A restaurant in Palmer Lake is changing the way it serves the community by setting aside a special evening once a month to cater to families of children with sensory processing disorder.
On the first Tuesday of every month, Dex’s Diner, which sits right across from Palmer Lake, closes down to the public and opens its doors to families who could use a night out without all of the distractions.
They turn down the lights, cover up the display cases, and even alter the menu.
“As a parent with a special needs child, I know how difficult it is to really go out and just go anywhere.” Dex’s Diner co-owner Gregory Duncan said. “You just never know how other people will react or think, and it just touches me knowing that I can do something that no one has ever done for me.”
Gregory and his wife Darcy opened Dex’s Diner in February. Now they’ve started these special Tuesday evenings in honor of Gregory’s daughter, Naveah.
“One of the families told us that it made their whole month because their children were able to sit on the floor, play with chalk, and there was no judgment from other customers,” Darcy said.
“If you have a kiddo with any type of sensory processing disorder and you want to go out to a restaurant, there are so many overwhelming things and triggers that could be in the restaurant,” Jaclyn Archibeque, co-founder and executive director of Atlas Autism, said,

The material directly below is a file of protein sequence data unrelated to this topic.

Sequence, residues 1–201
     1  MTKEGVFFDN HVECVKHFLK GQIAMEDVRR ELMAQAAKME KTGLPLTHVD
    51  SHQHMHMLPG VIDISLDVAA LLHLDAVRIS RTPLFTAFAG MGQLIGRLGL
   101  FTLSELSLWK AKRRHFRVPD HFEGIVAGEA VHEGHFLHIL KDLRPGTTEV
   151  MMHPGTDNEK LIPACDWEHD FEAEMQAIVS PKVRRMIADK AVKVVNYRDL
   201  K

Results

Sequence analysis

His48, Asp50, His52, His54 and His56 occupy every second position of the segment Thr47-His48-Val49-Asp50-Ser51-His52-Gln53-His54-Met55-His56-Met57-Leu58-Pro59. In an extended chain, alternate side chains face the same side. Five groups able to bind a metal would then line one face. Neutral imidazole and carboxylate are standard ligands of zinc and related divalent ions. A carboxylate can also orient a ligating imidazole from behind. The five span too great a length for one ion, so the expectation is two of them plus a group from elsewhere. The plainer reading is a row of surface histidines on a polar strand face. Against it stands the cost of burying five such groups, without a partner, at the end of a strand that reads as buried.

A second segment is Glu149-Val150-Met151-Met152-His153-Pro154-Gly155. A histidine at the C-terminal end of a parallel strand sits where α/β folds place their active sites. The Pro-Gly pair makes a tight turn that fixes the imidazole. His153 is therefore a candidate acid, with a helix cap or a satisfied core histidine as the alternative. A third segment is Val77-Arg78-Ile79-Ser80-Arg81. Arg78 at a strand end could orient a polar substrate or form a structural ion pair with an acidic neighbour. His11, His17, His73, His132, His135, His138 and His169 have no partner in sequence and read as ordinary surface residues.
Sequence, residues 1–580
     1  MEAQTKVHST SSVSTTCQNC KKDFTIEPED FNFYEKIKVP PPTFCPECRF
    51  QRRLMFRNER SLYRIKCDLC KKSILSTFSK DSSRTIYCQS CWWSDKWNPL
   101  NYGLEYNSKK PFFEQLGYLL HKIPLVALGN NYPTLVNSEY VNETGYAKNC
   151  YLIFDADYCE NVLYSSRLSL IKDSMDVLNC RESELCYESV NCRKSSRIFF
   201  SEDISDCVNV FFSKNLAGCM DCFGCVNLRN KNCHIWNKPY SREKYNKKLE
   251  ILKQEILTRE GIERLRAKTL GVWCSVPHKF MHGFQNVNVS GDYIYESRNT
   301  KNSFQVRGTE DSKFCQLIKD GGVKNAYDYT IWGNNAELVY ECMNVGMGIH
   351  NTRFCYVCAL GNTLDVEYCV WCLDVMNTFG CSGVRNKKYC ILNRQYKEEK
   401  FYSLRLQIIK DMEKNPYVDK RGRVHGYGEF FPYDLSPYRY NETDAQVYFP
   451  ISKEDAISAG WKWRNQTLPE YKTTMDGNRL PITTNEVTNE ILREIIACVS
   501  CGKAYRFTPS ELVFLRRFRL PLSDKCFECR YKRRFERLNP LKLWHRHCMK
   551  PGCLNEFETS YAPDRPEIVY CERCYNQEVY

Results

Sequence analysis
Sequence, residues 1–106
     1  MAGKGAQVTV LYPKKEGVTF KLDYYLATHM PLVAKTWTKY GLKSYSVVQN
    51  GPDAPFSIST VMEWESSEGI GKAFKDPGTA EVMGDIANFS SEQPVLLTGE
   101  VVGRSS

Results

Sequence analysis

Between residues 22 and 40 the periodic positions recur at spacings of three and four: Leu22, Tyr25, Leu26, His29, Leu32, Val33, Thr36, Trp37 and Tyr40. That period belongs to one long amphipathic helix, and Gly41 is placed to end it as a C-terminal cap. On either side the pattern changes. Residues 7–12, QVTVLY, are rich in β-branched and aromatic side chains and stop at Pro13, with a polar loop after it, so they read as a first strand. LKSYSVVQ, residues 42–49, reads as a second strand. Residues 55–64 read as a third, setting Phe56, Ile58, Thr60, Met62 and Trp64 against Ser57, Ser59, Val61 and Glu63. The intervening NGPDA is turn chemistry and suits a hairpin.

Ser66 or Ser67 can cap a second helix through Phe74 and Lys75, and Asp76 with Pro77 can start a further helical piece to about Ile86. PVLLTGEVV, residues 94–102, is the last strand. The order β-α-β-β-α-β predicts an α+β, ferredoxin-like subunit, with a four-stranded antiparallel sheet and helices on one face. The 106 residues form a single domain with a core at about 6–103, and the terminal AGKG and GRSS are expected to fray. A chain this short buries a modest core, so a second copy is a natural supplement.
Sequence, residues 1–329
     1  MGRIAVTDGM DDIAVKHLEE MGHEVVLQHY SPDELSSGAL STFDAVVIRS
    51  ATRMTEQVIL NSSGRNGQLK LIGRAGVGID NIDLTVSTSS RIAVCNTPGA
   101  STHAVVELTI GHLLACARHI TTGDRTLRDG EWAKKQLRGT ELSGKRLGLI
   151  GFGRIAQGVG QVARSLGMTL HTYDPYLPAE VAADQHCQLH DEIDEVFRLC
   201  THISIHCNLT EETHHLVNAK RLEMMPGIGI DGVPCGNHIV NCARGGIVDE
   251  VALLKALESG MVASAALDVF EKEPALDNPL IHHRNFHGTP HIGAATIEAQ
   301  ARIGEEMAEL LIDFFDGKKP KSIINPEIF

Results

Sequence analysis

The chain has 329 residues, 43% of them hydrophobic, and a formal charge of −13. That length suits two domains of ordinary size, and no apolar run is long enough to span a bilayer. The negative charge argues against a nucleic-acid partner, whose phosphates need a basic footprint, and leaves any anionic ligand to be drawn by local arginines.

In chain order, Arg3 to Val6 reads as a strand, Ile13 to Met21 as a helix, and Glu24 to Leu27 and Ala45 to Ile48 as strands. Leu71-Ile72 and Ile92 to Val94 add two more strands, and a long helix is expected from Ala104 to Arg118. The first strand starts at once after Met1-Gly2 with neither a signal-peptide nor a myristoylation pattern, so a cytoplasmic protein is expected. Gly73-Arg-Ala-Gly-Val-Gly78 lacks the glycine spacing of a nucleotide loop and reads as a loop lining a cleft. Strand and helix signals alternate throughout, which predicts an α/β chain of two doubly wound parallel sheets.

With Archibeque’s help, Dex’s Diner is allowing these families to have an easy eating experience in a home away from home.
“I just want to get this going a lot more and let families out there know there is a place they can come that makes them feel like they’re wanted, the kids are wanted, and we would do anything in our power to make them feel more at home here,” Gregory said.
Dex’s Diner is also helping out little entrepreneurs. Think lemonade stands with a little help.
Local kiddos can use a mini cart in the parking lot of the restaurant and sell their goods out of it. Dex’s Diner does the advertising for them, giving these kids a taste of running their own business.
“They can come and they can rent the cart,” Darcy said. “There’s no charge. They sell whatever they want. They keep the profits and then when they’re done we actually have a profit and loss worksheet for them so that they can see what it’s like to run a business for a day.”